Back in the day, any 3D movie released theatrically would use the classic red and blue glasses; I have yet to see a film like that. But in 2005, Walt Disney Pictures prepped around 100 theaters to exhibit their latest animated film with Disney Digital 3D, more of a title than an actual format. One of the movie theaters to be fitted with that was not too far from where I live. I went with my youngest brother and father one Sunday morning a few weeks after the release and saw it in 3D. I still have the glasses and the wrapper. But was it necessary for something like Chicken Little? No. Watching it now on just a 2D DVD print, I realize that there’s not much to the story and that it doesn’t really age well.
Chicken Little sets the town in a panic as three minutes or so are spent in chaos and Indiana Jones is parodied (the useless references keep coming, just wait). Humiliation and embarrassment plague the Little family consisting of the title character and the father, Buck Cluck. So, where does the Little name come in? Never explained. Mother? Dead or divorced, never explained.
One year later, it’s another start to a school day as we get a music number, one of many that will serve no purpose other than to keep the ending credits from coming sooner. Oh, the mishaps and hilarity ensue as Chicken Little sticks a landing through a window in his underwear in front of cheerleaders. Point is, he’s not popular.
A dodgeball game in gym class serves no purpose other than seeing Chicken Little converse with his outcast friends and talk about what he needs to do to get back in good graces. For no reason, we get a King Kong reference as a fish builds the tower out of paper. The sprinkler system is set off in the gym through a case of bullying and Chicken is to blame. This upsets his father as he learns that his dad was the baseball star back in his school days. One awkward conversation later and things aren’t resolved. Cue sad music.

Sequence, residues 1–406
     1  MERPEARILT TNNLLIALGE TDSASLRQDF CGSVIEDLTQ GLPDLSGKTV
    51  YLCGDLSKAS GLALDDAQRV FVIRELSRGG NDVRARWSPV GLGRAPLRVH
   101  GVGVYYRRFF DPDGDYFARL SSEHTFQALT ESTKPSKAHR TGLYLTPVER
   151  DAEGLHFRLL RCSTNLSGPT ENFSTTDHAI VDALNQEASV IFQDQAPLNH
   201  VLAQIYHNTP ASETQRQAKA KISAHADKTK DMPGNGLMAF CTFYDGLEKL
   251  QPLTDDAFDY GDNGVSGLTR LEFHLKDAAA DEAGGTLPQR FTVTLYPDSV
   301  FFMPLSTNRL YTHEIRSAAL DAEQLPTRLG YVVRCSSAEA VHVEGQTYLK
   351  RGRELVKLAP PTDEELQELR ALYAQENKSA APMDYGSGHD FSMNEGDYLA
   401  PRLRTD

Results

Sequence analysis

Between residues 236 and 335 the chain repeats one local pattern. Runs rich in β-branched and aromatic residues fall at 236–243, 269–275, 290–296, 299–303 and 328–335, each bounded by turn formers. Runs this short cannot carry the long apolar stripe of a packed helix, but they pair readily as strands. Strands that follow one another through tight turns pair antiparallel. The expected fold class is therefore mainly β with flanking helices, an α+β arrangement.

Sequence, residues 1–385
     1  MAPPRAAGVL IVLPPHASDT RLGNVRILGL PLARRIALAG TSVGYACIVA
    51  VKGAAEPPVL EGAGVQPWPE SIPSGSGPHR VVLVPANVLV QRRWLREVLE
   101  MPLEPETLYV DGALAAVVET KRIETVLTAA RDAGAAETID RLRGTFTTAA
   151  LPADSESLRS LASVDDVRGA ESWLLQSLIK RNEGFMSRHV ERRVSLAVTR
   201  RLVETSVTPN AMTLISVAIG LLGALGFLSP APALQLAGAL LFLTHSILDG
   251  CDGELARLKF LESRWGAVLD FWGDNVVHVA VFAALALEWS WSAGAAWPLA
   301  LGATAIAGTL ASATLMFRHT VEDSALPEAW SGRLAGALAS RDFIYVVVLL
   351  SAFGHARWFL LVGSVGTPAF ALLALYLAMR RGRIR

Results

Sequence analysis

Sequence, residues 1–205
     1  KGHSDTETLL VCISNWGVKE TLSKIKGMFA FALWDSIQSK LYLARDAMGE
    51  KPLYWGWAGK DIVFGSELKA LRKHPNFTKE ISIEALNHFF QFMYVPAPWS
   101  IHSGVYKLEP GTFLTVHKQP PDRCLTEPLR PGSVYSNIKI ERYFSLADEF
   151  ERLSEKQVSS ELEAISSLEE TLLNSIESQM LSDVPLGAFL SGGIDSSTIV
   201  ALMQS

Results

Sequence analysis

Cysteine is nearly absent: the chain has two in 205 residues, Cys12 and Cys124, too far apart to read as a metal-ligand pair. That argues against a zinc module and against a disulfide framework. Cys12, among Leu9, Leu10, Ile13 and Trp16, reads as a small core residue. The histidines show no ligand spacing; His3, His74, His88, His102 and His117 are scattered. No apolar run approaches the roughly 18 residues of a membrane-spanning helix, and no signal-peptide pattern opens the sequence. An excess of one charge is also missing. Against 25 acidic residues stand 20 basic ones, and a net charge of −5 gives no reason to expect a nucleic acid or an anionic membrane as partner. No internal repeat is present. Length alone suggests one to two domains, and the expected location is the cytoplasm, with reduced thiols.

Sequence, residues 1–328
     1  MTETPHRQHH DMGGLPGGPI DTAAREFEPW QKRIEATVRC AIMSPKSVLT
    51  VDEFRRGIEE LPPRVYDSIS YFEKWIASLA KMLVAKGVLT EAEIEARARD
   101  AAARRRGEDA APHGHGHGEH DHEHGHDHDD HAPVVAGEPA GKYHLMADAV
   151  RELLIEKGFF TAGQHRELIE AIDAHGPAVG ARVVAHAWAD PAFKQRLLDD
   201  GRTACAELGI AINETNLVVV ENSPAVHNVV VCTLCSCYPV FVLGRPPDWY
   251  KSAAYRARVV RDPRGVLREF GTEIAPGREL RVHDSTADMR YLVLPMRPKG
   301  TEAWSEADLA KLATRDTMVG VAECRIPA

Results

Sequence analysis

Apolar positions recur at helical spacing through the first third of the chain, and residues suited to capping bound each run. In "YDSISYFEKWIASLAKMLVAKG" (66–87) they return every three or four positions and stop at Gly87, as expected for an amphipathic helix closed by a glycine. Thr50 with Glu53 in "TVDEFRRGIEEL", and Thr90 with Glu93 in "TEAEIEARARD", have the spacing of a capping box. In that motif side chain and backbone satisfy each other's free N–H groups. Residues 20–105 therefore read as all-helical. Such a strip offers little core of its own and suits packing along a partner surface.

As soon as that song is over, we immediately jump into a Rocky training montage complete with another song. It’s championship baseball time as our hometown team is down by a few runs. Who saves the day? Our dinner, I mean our main character. But that moment is short-lived after singing out of tune to Queen on air guitar/spoon. A piece of the sky falls and manages to perfectly hit our hero on the head through the window without causing too much property damage given the speed it falls at. It turns out to be some panel from an alien ship. With pop culture references to Star Wars, “I Will Survive”, Independence Day (R.E.M. included), Signs, and other things, the day is saved more or less.
The only character that you can try to emote with is Chicken Little but even then it’s not much to go on. He screwed up and the whole town won’t let him forget it. Wouldn’t that be enough to, I don’t know, LEAVE THE TOWN if they treat your offspring like that? But no, everyone goes Rudolph at the end by praising the misfit and realizing that they were wrong. Instant forgiveness, just add aliens like in the original story.
Thanks to Shrek, this movie tries to capture the Fractured Fairytale idea but without success. It has not aged well at all. The Star Wars reference now wanders into the ironic as Disney owns the franchise now but will eventually, if it hasn’t already, become stale in the next few years to the point of not even laughing at it. Pop culture and modern quirks does not a good movie make. It’s the story and character development; if I can’t care about those aspects, then I can’t care about the product.